Conservation and Preservation Environmental Science Checkpoint

Conservation and Preservation Checkpoint
Jesse Ratliff Jr.
August 17, 2012
Michael Brlan

Conservation and Preservation Checkpoint
The environmentally concerned citizens have a dichotomy all their own; conservation or preservation. Conservation is the responsible use of natural resources in order to ensure future usage and quality. Preservation is the protection of natural resources by banning their usage in order to maintain nature as it is found (Berg & Hager, 2007).
Conservation is a good concept as long as it is not extreme. Humans are here, the common intelligence of humanity calls for energy availability in the form of electricity, petroleum, and water. If preservationists had their way, humans would likely be extinct within a century or two since society would break down and mass violence would consume humanity until eventually everyone killed everyone else. Conservation is the best method for prolonging humanity as well as the life resources of the planet. Trees grow all the time, anyone that says the logging industry is going to rid the earth of its last tree is either naive or lying. In fact, most logging industry-leading companies spend large amounts of money and many even volunteer their time to plant new trees after logging an area. Oil companies are researching and developing new methods for retrieving products from below the surfaces of the planet.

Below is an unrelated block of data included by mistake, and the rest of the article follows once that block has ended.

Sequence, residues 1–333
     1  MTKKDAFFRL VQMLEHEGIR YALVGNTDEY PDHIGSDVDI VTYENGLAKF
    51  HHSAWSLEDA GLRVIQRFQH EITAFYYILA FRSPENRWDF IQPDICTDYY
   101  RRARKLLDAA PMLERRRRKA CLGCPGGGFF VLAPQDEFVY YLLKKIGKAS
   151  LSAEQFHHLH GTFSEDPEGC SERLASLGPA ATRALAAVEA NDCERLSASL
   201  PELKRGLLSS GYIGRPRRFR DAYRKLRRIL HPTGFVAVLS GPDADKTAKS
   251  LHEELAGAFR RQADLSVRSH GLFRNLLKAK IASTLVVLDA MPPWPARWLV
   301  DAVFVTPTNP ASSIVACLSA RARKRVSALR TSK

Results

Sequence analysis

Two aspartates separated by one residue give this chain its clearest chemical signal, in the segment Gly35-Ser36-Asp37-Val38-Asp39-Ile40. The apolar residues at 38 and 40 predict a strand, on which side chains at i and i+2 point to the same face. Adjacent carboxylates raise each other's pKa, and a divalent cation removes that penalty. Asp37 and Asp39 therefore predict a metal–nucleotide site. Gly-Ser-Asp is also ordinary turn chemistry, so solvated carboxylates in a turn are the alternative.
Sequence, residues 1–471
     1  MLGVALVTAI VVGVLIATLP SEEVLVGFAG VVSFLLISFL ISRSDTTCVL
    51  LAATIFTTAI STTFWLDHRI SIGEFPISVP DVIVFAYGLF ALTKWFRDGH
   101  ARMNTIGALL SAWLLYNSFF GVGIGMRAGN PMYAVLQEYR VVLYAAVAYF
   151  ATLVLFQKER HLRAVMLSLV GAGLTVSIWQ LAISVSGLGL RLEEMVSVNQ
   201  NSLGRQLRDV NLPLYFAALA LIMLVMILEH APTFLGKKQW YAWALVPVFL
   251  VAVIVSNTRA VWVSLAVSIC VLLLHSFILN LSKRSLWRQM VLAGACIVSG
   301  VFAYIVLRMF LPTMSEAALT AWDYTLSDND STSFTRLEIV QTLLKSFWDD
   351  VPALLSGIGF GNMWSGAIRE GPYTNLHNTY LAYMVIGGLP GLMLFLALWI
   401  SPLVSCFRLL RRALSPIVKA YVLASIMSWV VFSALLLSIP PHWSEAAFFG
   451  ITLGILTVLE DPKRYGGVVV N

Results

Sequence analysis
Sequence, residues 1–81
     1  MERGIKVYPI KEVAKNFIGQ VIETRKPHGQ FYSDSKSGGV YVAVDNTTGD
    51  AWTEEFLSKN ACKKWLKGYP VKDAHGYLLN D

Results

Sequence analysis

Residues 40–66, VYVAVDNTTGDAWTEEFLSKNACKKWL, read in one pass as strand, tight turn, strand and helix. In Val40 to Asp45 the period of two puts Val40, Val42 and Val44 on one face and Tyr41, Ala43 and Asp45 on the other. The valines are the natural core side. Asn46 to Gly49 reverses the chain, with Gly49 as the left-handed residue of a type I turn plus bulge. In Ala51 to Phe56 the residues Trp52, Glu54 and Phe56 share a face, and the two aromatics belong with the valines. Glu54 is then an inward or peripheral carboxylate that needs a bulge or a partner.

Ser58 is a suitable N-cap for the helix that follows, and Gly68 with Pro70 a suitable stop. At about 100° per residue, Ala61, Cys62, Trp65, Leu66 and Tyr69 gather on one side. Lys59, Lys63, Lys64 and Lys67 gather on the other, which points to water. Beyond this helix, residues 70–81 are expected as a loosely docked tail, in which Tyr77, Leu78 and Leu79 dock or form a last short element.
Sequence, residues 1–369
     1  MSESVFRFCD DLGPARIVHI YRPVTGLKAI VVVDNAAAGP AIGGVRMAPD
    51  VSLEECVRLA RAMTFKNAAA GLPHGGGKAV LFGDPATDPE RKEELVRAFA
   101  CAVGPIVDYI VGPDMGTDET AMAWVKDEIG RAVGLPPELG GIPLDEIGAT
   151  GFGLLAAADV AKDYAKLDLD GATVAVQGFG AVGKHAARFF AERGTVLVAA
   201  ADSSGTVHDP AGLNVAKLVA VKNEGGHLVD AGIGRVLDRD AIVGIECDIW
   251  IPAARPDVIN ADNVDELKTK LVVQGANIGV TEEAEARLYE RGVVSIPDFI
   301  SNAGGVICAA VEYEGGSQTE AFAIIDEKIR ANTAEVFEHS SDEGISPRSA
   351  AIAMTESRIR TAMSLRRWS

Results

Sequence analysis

I am definitely a conservationist, not a preservationist. While I enjoy camping in the woods, hiking the trails, and quiet country settings, I am also realistic enough to know that I enjoy my silicon-based computer, high-speed internet access, and big screen television. I also have no problem filling my car up with gasoline and drive where I need to be. The resources are here for us to use otherwise they would not be here. We should be smart enough to know that we need to use the resources responsibly and with regard to the future of our planet.

Berg, L. R., & Hager, M. C. (2007). Visualizing environmental science. Hoboken, NJ: John Wiley & Sons

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